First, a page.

UPDATE: In response to Seidman's op-ed, "Blowhard, Esq." writes (here):
Countries like Britain and New Zealand have systems of parliamentary supremacy and no written constitution, but are held together by longstanding traditions, accepted modes of procedure and engaged citizens. We, too, could draw on these resources.
Right, but their traditions are not our traditions. What works for Britain and New Zealand might not work here. How’s that democratic flowering going in the Middle East, by the way? Do you think that example might hold some lessons?It seems to me "Blowhard" has it exactly backwards: the legal, historical, and political traditions of the UK (and New Zealand) are our traditions, and not the traditions of countries in the Middle East, where the combination of overthrowing old tyrants and holding elections hardly constitutes a system of constitutional, representative democracy. US governance institutions, including the constitution itself, have strong roots in British legal institutions and philosophy. Our common law is the English (and Welch) common law, with (mostly) minor adjustments. The presumption that the US would become more like Egypt, rather than, say, Canada, if we did not have our (current) written Constitution is beyond presumptuous; it is ridiculous.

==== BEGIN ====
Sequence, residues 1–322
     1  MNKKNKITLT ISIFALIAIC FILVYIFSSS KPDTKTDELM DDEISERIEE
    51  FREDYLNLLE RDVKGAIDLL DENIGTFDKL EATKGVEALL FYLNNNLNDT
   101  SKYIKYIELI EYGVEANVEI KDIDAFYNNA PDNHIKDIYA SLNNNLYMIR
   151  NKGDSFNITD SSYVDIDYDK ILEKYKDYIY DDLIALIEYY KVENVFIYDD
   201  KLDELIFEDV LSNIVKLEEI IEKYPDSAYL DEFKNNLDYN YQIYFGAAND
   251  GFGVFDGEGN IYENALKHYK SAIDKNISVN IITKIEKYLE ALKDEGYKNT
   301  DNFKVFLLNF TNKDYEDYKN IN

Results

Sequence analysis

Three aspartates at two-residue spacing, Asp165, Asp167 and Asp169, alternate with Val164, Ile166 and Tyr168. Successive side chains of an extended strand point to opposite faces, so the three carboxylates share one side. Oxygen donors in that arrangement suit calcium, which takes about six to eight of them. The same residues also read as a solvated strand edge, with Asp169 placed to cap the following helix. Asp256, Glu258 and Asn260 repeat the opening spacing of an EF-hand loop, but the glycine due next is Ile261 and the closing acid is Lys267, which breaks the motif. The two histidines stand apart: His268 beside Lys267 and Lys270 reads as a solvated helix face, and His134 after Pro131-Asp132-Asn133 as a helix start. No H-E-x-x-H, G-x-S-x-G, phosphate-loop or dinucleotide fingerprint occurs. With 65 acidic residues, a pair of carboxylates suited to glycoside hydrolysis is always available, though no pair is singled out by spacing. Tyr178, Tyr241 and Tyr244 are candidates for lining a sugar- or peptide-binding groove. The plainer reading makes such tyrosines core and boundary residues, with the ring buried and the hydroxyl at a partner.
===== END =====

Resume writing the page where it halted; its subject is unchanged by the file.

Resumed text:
I won't go on to note the many factual assertions Seidman makes about US constitutionalism, which "Blowhard" simply ignores. I wonder, however, what "Blowhard" makes of the frequently articulated (including by the US Supreme Court) trope that the US Constitution is "not a suicide pact" (see here)?